As far as the playing field as a whole is concerned, there’s no bad stretch of the lake, but it does have a few distinct sections. The upper end of the lake, near the Wilson Dam, is known for a lot of current and excellent smallmouth fishing. Down the lake, some really exceptional ledges come into play, and, depending on the timing, there is a lot of shallow action on shallower bars, grass and even flooded cover.

Though it isn’t surprising to see a smallmouth or two in a bag at Pickwick, it’s largemouths that win most of the time there. As is the case with most Tennessee River reservoirs, shad are the dominant forage. 

Jimmy Washam is the TITLE champ and a Pickwick local.

What to Expect This Time

Late April on the Tennessee River means there should be no shortage of options for pros to catch fish and it wouldn’t be shocking to see the Top 10 spread out from the Wilson Dam down to the Pickwick Dam.

Local ace and 2021 Tackle Warehouse TITLE champ Jimmy Washam agrees.

“That time of year, unless we have weather that has the spawn exceptionally early or late, is going to be literally everything,” says Washam. “There’ll be guys catching them 25-foot deep already pulled out to the ledges. There’ll be guys catching prespawn fish and there will be guys sight-fishing. I think it’ll be more of a spawn, postspawn tournament if the year is normal, but either way, there will be a lot going on.”

While options should abound, Washam also knows that weather can influence the system a lot and notes it’s hard to pin down specifics of what could happen weeks in advance.

“It could even be an early shad spawn slugfest or it could be real fickle when those fish will get in a funk like they do around that time of year after doing their yearly ritual,” he said. “But there will be guys consistently catching fish doing everything.”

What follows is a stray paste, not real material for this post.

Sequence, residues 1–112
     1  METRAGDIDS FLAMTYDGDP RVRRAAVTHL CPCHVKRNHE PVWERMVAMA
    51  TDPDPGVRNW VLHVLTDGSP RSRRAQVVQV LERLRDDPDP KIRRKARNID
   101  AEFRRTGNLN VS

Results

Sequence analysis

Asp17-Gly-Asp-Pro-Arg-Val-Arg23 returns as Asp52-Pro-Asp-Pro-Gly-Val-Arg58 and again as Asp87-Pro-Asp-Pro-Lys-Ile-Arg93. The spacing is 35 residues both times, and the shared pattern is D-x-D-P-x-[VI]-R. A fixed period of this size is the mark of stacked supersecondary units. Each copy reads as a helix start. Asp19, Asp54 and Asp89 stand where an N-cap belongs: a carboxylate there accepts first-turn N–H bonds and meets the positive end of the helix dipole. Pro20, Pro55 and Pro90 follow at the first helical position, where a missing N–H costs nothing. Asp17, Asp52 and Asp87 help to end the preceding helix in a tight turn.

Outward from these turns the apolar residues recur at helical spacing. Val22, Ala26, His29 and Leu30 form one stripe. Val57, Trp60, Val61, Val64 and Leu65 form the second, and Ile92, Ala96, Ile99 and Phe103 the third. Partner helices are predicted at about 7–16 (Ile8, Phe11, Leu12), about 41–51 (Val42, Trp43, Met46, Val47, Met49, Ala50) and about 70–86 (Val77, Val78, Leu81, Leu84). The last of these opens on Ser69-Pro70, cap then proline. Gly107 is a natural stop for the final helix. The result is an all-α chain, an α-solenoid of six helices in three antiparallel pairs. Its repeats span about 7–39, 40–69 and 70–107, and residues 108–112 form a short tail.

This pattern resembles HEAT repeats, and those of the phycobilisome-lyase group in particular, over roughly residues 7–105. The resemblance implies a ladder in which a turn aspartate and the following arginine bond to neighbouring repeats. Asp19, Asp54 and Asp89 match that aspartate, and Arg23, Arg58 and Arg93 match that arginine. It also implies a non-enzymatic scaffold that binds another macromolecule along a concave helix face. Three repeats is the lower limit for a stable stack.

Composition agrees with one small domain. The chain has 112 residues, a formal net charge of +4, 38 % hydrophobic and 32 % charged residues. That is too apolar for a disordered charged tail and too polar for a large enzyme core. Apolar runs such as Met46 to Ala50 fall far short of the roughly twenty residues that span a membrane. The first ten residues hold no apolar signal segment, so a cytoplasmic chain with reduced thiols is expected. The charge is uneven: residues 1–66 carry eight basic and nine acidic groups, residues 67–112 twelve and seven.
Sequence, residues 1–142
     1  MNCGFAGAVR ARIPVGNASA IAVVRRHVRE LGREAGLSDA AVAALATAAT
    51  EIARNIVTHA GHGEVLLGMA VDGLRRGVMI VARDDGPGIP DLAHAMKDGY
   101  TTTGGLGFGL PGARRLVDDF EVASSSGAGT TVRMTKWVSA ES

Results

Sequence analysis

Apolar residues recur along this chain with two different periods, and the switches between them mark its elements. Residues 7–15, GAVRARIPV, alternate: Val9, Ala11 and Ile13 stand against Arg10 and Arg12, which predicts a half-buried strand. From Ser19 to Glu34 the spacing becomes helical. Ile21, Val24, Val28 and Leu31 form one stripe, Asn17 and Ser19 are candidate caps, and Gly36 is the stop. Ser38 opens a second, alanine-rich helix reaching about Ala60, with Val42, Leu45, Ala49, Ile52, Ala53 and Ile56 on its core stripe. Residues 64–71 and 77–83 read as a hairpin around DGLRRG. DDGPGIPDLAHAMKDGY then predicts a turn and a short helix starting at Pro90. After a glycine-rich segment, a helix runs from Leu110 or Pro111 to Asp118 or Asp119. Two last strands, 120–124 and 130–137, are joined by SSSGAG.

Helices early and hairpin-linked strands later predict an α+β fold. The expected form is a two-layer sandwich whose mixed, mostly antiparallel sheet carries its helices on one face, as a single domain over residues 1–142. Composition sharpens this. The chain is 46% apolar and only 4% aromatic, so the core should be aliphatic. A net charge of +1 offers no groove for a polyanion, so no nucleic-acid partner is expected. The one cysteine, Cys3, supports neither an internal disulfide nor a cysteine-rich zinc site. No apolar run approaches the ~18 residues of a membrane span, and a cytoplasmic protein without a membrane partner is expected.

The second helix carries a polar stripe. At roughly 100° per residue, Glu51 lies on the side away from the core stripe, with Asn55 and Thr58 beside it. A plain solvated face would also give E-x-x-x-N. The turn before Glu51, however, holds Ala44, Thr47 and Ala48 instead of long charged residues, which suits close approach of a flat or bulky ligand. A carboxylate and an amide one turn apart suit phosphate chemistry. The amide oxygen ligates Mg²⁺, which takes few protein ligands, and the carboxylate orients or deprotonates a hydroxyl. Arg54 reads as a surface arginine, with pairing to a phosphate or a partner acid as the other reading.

Despite a lot of the lake in play, one of the main focuses will be on shallow, flooded cover up around the Seven Mile Island area if the conditions are right.

“If we have some spring rains that pull the lake up we’ll have a lot of guys make the run up the lake to get to a lot more of that flooded stuff,” Washam said. “It’s been less of a grass deal lately and it’s not usually until May in the postspawn period where you see grass actually play.

“I think because the fish will be scattered, whoever wins this is going to have to not lock in on one phase (of the spawn) and adapt each day and pick up some fish outside of the norm.”

Baits and Techniques

This tournament should see it all when it comes to ways to catch a bass. For shallow fish, a Texas rig or jig flipped to docks, wood and vegetation should lead the charge. Naturally, a vibrating jig will also be a factor as well. A drop-shot, floating worm or Senko-style bait should help wrangle any spawners or fry guarders.

Swimbaits, both soft plastic and hard, could also account for some good bags of fish, whether they’re thrown around shallow bars or below the Wilson Dam.

For any early postspawn or late prespawn fish there’s no doubt the usual suspects on a Tennessee River ledge will be out in full force – crankbaits, hair jigs, Neko rigs, spoons and football jigs to name a few.

Cole Floyd was nearly unstoppable on the Tennessee River in his college years.

Top Fantasy Picks

Spring on the Tennessee River should mean John Cox is a high priority. Then again, it’s the Tennessee River, so Washam, Michael Neal, Mark Rose, Wesley Strader, Brad Knight, Alex Davis, any of the Lanes, either Neece, Terry Bolton and Miles Burghoff are good options as well. There are obviously some names missing from the list, but you get the idea.

If you’re looking for newer faces to pick from, then Cole Floyd, Nick Hatfield, Josh Butler, Blake Hall, Grant Galloway, and Ricky Robinson fit the bill.

Oh, and if there’s looking to be a good shallow bite, or a good spawn, then Ron Nelson, Justin Lucas, David Walker, Randall Tharp, Clabion Johns, and Jamie Horton are your guys.